Mini Reviews: ‘Kings of the Wyld’ and ‘Bloody Rose’

30/07/2019 Reading, Reviews 2

These books were must-reads for me as soon as I saw them! A fantasy series set in a world where mercenary bands are like rockstars? Yes please!

And I really wasn’t disappointed for the most part! I’ve never read anything like this before, and I can’t recommend it enough to other fantasy fans. Check out my reviews for more details!

Kings of the Wyld by Nicholas Eames

‘Clay pushed his body off him and mumbled another apology – because, enemy or not, when you hit a man in the nuts with a magic hammer the least you could say was sorry.’

Clay Cooper and his band of fellow mercenaries were once a big deal. As the infamous ‘Kings of the Wyld’ they were know as some of the toughest, meanest and most badass fighters this side of the Heartwyld. These days however they’re scattered has-beens…that is until Clay’s ex-bandmate Gabriel turns up at his door begging for help. His daughter Rose is trapped in a besieged city, and he needs help rescuing her…it’s time to get the band back together.

This is easily the best book I’ve read in a long time, combining all the things I love so much about the fantasy genre – quests, monsters, epic fights and battles and badass characters – with lashings of irreverence, hilarity and feels. The concept – a fantasy world where mercenary bands are the equivalent of rockstars – just worked, and even more so than that, the characters were amazing.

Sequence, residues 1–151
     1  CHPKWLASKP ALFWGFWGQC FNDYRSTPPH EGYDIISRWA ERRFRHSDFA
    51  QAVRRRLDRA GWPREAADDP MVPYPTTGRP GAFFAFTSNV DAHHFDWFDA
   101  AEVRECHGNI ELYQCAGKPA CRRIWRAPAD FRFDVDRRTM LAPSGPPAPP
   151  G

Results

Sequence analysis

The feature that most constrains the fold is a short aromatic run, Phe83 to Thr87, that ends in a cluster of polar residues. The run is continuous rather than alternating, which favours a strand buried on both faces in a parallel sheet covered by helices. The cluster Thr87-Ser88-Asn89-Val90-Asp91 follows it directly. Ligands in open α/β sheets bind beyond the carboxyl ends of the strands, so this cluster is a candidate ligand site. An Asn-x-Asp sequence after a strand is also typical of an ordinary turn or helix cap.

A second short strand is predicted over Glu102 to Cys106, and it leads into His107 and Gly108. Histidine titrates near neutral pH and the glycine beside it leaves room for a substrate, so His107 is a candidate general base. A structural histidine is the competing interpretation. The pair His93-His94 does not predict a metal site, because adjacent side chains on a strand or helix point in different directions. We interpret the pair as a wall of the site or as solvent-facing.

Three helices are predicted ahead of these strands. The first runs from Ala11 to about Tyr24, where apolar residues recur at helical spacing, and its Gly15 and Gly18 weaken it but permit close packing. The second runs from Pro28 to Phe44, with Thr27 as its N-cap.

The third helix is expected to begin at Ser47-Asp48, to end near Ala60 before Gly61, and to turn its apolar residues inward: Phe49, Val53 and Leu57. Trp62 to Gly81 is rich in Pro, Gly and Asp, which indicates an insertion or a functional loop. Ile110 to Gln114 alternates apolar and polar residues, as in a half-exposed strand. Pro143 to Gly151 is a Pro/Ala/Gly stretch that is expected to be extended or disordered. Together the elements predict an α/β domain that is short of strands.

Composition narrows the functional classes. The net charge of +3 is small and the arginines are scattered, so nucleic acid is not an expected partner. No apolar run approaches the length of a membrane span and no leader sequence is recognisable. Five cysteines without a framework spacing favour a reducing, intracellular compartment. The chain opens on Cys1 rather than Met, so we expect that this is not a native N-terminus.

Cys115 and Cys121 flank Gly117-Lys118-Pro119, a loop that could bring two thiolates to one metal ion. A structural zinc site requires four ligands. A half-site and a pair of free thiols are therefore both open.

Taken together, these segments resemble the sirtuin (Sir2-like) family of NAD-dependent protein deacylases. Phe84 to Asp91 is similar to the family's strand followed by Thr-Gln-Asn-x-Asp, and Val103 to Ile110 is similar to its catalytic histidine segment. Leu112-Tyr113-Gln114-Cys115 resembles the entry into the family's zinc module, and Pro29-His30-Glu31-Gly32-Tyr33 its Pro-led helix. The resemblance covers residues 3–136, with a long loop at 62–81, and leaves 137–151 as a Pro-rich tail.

Clay Cooper as the main character in particular felt like a good choice, as he was very much the grounded Everyman of the group (not in a bad way), and the most relatable character. He simply wants to help out his friend, and then return to a quiet life with his family.

Some of the other characters were a bit more larger-than-life, and it definitely kept things interesting. Moog the wizard was my particular favourite: he was hilariously barmy (you’ve got to love that he went off on an epic quest wearing a onesie!) and had some of the best dialogue in the book. He was also responsible for more of the laugh-out-loud moments of the book than any other character.

I also loved the other members of the band though, from the washed up golden boy Gabriel, to runaway King Matrick and brooding Ganelon. And more than a anything I loved the relationship between the band members – it was one of the most genuine friendships I’ve seen in a book recently, even if they are always ripping into each other. They just have so much history together!

This really was one of the most original and most fun books I’ve read in a long time, and a very refreshing addition to the fantasy genre. As much as I love fantasy, a lot of it can feel a little samey, but not this one! It’s also been quite a while since I’ve genuinely laughed-out-loud at a book, but this one had me constantly chuckling, and even a little teary at points, as it wasn’t short on heart-warming moments. I seriously can’t recommend this book enough to fantasy fans!

Rating: 5/5

Bloody Rose by Nicholas Eames